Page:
Press Release: Response to Final Recommendations of the Sandy Hook Advisory Commission

NATIONAL HOME EDUCATION LEGAL DEFENSE, LLC
Attorney Deborah G. Stevenson
Founder
P.O. Box 704 Tel.: (860) 354-3590
Southbury, CT 06488 Cell: (203) 206-4282
stevenson@dgslawfirm.com

February 13, 2015

PRESS RELEASE

RESPONSE TO FINAL RECOMMENDATIONS OF THE SANDY HOOK ADVISORY COMMISSION

National Home Education Legal Defense, (NHELD), is disappointed, but not surprised, to learn that the Sandy Hook Advisory Commission continues to show sheer ignorance of law and disregard for parental rights in its final report on this most tragic event. The following are points to be made.

Federal special education law, the Individuals with Disabilities Act, “IDEA” already provides a method to identify children in need. It is contained in the “Child Find” section of the statute, but that statute also allows for parental consent to evaluation, identification, and services. A State statute as recommended by the Commission would violate those federal due process rights.

Under IDEA, parents do not choose the members of the IEP team . Federal law sets forth the requirements for whom are members of the team. A State statute as recommended by the Commission would violate this section of the federal law.

The U.S. Supreme Court, in a long line of cases, already has established that the government cannot compel a
parent to accept public school education for their child, and this would include public school special education. A State statute as recommended by the Commission to compel a parent of a homeschooled child to have an IEP approved by the local public school would violate existing Supreme Court law.

More importantly – Where are the facts about Adam Lanza’s public school records, including his IEP records?

Is the Commission still operating on another faulty premise – that Lanza was homeschooled? Why else would the Commission make recommendations about homeschooling when that had nothing to do with Lanza and this horrific crime?
Crucial questions still remain unanswered:
Lanza already was under the direction of the public school and its IEP – as a homebound student.
Why didn’t that prevent his actions?
What was in the IEP?
Did the public school fail him? Did the State Department of Education fail him?
Where are the school records showing what the IEP provided in terms of special education and support?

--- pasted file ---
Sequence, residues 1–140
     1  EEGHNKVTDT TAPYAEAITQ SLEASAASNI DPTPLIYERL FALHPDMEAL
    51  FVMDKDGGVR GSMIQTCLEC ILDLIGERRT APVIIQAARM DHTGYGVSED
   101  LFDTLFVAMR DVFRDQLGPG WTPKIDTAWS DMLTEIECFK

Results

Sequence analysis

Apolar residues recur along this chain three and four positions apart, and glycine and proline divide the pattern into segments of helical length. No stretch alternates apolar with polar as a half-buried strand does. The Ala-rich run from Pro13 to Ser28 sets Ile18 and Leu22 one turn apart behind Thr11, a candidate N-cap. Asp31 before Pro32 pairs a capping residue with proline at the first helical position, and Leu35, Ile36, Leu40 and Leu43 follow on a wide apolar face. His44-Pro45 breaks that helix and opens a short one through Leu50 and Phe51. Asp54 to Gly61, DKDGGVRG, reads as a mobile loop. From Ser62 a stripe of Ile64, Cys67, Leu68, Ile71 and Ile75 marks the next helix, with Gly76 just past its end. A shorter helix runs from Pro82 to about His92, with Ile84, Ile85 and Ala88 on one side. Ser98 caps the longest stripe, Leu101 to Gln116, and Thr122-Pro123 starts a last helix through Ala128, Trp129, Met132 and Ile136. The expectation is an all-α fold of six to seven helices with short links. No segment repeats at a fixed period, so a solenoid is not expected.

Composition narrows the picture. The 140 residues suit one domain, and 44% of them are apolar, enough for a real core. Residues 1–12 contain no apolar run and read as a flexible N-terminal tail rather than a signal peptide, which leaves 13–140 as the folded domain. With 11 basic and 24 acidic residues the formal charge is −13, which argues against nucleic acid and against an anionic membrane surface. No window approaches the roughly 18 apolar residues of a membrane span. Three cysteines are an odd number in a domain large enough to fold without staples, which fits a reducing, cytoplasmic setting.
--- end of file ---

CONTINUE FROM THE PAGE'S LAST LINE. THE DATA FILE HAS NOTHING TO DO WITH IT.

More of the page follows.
What kind of support services worked and didn’t work?
Did the Commission review any school records or the effectiveness of the academic instruction and special
education provided to Lanza at all?
Why aren’t those school records being released?
What is the state DOE going to do differently about monitoring the public schools, how they establish IEP
teams, and how those teams are supervised to determine they are complying with state and federal
statutes in providing appropriate special education to public school students?

Why is the Commission silent about that?

The Commission failed the public miserably in not demanding to review the public school records of Adam Lanza, including his IEP and his mental health records. The Commission also failed the public in not allowing the public, and legislators, to review those records before making any recommendations or changes to state law. How can any legislator make any change to any law without first obtaining all of the relevant facts and undertaking a thorough review of them? To do less, is simply a dereliction of duty.

We sincerely hope that our legislators will think before they act, review all the facts, not defy existing and longstanding federal law, and continue to uphold parental rights.

Additional thoughts relating to specific recommendations:

Recommendation:

“Commission recommends that each board of education in Connecticut ensure that all children with disabilities – including children with significant emotional, social and/or behavioral difficulties – who are in need of special education and related services in order to make adequate progress be
identified and evaluated in accordance with the IDEA.”

Comment:

This already is existing law under Child Find.
Is the Commission saying the schools have failed? But they recommend no sanction for the
failure, and no appropriate changes on the part of the schools for that failure?

Recommendation:

“Without access to supportive services, homeschooling for children with severe social and emotional challenges may not adequately address those children‘s needs or help them develop the skills they will need to function in society.”

Comment:

Parents already have access to those services – privately.
They can get better services and more individualized services, faster and more appropriately privately than they can in the public school.
If they need more, they can enroll the child in the public school, and they do.

More importantly, public schooling for children with severe challenges also often does not adequately address those children’s needs.
Those children may need a more structured environment such as residential placement –